Even if you no longer shoot film, chances are good that a grandparent or other family member has squirreled away a collection of old slides that are now stored in shoeboxes. Maybe you've been tasked with the responsibility of handling them, and preserving those old memories for posterity.
There are several options for the would-be family photo archivist. The first is simply to take your old slides and negatives to a photo lab that still makes prints from film. Prints give you a physical and immediately accessible copy of the original, although it may be a costly approach if your collection is large. Instead of having stacks of prints, you could have a local or online lab service digitally scan them for you. This is generally cheaper, and allows you the added benefit of being able to share them online or get prints of select images later. You'll still end up paying a certain amount per image scanned, which can also get pricey. But if you're the impatient type, paying someone to do the work may be your best choice.
Another option is to buy a dedicated transparency scanner device to use at home. There are several such products on the market that will scan your slides or negatives automatically and save them to JPG format for you, even directly to a memory card. This is a convenient, economical solution for someone who may have a lot of images to archive but who doesn't want to be bothered with the technical aspects of the process. The main drawback is that these sorts of devices typically don't provide a high resolution scan, and thus you may not be thrilled with the results - especially if you intend to print them later. I find the prospect of low resolution scans to be a showstopper, but this may be the perfect solution for some people.
Then there's the solution that I use: a flatbed scanner with a built-in capability of scanning slides and negatives. (Note that film and slide film capable scanners will indicate such on the box; unlike regular flatbed scanners, there's an added light source in the lids that backlights the film to be scanned.) There are several advantages of this approach: (1) a flatbed scanner is a versatile tool for different kinds of scans, including documents and photos, (2) a flatbed scanner gives you more control over the scanning process as you can preview and make any adjustments needed prior to the final scan, (3) a flatbed scanner lets you control the resolution of the scan, and (4) a flatbed scanner can be a modestly-priced option compared to sending your photos to a lab or scanning service.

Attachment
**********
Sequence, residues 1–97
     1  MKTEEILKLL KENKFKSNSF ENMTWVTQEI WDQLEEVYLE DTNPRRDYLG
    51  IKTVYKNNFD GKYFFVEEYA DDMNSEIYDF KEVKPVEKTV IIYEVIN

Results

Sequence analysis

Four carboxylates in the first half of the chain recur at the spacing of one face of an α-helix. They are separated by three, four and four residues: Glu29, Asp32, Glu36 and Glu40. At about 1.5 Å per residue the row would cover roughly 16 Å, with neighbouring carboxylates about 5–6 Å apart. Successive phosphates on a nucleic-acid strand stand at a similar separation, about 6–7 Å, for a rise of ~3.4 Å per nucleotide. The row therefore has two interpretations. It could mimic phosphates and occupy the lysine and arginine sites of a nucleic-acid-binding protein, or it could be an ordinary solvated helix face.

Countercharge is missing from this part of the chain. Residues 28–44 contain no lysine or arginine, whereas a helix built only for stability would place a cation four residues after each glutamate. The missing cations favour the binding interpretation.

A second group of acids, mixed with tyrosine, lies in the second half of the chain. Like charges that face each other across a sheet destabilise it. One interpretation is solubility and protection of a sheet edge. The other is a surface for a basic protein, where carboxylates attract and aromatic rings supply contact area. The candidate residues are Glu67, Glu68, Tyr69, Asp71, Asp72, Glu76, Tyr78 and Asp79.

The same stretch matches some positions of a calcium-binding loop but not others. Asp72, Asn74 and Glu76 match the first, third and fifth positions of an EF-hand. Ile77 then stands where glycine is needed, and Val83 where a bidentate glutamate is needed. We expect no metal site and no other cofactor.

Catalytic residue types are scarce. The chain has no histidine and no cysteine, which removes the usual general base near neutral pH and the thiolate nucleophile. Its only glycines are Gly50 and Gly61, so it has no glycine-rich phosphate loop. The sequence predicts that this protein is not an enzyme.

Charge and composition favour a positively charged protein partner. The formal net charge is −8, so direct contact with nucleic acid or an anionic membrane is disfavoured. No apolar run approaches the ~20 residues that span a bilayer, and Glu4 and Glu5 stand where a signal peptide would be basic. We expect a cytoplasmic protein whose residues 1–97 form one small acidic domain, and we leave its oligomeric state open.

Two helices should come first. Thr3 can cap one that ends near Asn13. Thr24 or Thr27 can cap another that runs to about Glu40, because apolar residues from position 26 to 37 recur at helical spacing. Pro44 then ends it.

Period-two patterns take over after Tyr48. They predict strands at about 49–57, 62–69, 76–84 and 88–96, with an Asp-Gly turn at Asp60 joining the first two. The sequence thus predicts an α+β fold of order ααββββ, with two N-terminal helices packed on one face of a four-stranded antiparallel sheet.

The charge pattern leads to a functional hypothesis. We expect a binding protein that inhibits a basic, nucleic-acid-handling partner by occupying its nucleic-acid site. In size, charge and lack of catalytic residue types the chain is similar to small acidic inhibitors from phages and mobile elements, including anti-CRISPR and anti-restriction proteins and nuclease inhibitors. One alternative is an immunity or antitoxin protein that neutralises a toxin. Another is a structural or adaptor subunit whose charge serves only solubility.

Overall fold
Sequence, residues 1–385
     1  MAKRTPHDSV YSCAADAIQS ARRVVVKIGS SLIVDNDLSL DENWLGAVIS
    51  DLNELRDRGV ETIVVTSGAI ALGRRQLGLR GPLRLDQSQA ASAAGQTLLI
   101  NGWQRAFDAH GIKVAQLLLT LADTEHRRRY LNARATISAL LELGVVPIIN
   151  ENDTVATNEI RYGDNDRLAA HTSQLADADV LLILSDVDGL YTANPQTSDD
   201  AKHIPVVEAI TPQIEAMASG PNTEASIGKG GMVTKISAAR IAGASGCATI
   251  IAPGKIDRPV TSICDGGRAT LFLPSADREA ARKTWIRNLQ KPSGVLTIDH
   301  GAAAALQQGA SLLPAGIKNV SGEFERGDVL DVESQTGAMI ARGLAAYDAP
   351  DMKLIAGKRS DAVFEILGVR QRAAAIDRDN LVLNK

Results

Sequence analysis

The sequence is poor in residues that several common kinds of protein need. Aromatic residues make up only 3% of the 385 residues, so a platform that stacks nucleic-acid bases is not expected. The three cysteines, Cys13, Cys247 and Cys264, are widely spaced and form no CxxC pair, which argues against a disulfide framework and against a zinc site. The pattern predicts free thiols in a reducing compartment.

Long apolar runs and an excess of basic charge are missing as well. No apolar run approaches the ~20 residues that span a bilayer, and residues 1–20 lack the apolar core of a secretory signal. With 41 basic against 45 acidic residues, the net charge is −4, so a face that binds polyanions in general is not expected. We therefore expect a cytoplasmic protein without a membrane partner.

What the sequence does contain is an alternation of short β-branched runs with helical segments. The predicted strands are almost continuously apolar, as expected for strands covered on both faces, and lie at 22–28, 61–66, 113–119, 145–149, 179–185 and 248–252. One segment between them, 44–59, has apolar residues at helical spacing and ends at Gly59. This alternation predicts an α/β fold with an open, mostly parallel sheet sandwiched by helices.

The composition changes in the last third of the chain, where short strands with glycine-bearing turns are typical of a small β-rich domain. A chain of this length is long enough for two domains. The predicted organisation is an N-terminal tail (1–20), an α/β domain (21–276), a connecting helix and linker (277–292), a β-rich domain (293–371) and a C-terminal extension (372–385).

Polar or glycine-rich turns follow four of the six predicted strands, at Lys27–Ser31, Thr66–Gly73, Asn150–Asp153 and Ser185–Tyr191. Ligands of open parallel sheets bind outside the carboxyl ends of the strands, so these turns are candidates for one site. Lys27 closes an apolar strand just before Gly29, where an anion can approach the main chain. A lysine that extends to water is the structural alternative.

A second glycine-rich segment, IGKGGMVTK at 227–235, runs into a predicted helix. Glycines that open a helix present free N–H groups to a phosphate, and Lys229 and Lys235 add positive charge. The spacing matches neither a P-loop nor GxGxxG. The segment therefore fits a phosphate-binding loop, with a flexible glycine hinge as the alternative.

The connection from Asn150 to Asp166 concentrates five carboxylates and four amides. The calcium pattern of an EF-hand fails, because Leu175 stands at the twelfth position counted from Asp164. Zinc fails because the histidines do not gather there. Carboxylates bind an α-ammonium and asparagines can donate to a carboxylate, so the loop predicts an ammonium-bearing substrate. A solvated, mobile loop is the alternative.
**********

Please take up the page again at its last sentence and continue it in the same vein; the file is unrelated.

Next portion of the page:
That only leaves us with the question: Which scanner should I buy? The answer really depends on what formats of film you need to scan. If you intend to scan large format film (4x5" and bigger), you'll need a scanner that can handle those sizes - in which case you may want to consider an Epson V800. The Epson "V" series are considered by many people to be the cream of the crop in consumer scanners today. Naturally you'll pay a premium for the privilege of owning one. If all you need to scan are 35mm and 120 (medium format film), there are cheaper options that don't compromise on quality.
For my film photography, I use a Canon CanoScan 9000F Mark II scanner. This is a modern, relatively inexpensive scanner that doesn't require a "warm up" as do older models, since it uses LEDs for an instant-on light source. The scanner comes complete with several trays that fit onto the glass of the bed: 35mm, 35mm slides, and 120 (medium format) negatives. It also comes with the Scangear software used for previewing and running the actual scans, which generally works well for my purposes.
With any scanner I've used, I typically choose the "Advanced Mode" for scanning. While you may choose to use the "Basic Mode," you'll have far less control over the outcome of the scan.
Here are some of the main image settings I commonly adjust in Scangear (others scanner software should offer similar options - see your user manual for details):